Likely consequences of providing titles to ‘owners’ of squatter houses NB: For simplicity, this illustration deletes customary and Islamic tenure categories This figure demonstrates that the provision of full, formal tenure status to informal settlements raises their commercial value and can therefore actually reduce tenure security for the most vulnerable social groups, such as squatter tenants. it also creates new, or intensifies existing, land and property market distortions.
Likely consequences of improving tenure rights in unauthorised settlements NB: For simplicity, this illustration deletes customary and Islamic tenure categories The figure suggests that a rights base approach increases tenure security for the most vulnerable social groups. It also increases social equity without distorting land or property markets.
Tenure policy options Short term tenure options: MORE (Moratorium on Relocations and Evictions) Temporary Occupation Licenses (TOL) Certificate of Comfort Medium term tenure options: Communal Trust/Lease Individual lease Private rental Certificate of Rights Long term tenure options: – Communal ownership/titles/Communal Property Associations – Co-operative ownership – Condominium ownership – Social concession – Public rental, and – Individual ownership or title.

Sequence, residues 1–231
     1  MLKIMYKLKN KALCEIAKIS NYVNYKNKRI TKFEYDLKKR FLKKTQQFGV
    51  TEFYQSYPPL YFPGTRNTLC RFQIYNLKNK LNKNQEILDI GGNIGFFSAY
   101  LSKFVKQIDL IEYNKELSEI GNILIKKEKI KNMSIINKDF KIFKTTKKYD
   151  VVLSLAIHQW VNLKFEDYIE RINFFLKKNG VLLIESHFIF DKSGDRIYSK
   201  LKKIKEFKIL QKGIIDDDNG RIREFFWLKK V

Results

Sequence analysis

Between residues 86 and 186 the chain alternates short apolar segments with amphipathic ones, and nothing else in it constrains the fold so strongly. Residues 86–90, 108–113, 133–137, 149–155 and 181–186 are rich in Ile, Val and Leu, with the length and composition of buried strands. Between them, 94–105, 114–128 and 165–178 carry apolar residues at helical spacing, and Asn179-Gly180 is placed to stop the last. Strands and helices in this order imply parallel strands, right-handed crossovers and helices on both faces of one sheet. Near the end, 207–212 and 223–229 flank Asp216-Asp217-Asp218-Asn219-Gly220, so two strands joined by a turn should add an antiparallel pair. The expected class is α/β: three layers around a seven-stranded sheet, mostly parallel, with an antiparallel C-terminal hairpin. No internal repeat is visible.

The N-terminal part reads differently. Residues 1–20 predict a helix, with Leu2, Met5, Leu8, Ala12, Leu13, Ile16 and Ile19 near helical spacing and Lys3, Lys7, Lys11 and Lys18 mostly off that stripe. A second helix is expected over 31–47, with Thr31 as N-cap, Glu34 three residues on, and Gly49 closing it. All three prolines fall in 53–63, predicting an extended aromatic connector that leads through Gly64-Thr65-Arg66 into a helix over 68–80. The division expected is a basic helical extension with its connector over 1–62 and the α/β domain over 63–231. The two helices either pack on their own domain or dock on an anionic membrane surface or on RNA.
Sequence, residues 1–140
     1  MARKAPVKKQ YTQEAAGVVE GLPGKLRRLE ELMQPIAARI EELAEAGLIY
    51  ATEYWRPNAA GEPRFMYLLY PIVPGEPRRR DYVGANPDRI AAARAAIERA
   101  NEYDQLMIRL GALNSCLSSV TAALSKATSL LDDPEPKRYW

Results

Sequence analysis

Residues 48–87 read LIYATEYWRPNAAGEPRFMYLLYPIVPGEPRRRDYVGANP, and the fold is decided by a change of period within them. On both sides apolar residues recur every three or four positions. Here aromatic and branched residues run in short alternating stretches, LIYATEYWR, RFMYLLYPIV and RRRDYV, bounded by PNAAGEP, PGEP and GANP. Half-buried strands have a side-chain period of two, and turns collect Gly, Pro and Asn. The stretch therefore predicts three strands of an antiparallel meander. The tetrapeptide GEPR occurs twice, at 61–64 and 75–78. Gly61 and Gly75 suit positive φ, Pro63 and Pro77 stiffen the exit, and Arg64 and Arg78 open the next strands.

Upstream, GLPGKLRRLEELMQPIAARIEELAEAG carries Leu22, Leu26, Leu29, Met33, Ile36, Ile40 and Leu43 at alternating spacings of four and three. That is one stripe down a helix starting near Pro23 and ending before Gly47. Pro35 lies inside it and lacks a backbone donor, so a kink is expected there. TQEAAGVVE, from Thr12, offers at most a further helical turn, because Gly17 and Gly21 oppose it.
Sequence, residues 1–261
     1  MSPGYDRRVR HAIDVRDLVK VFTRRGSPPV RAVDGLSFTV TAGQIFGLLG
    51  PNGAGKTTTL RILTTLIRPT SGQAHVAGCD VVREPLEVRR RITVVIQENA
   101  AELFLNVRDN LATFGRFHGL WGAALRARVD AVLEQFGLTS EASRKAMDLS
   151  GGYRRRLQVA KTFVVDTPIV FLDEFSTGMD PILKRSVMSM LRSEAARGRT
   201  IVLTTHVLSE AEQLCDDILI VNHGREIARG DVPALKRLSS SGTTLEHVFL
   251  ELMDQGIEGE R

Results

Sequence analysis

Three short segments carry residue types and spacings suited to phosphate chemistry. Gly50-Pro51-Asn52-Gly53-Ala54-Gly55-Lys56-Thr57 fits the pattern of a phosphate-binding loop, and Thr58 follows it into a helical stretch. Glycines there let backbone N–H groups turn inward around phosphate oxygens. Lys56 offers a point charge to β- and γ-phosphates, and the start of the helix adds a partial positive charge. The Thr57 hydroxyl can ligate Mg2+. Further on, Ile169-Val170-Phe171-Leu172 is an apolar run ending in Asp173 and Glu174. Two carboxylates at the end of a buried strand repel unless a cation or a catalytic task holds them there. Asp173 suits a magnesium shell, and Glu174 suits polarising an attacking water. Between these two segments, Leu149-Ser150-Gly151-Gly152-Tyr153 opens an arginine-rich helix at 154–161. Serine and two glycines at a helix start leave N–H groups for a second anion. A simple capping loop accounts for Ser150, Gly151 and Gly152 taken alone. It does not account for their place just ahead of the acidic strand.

Principles for progress Tenure systems are extremely complicated Social legitimacy is vital Property ownership is not appropriate for all social groups Ownership is unlikely to increase access to credit if incomes are low and uncertain Accept the benefits of a pluralistic approach and diversity of tenure and supply options Accept that change takes time!
Putting it into practice 1.Prevent forced evictions and relocations 2.Upgrade and/or provide short term tenure options in settlements not in environmentally or strategically important locations 3.Undertake a regulatory audit to reduce entry costs to legal land and housing options 4.Promote Multi-Stakeholder Partnerships and a wide range of supply options 5.Start with pilot projects at as large a scale as possible.
Thank you! Further information on land tenure issues, including several publications, can be downloaded free at: www.gpa.org.uk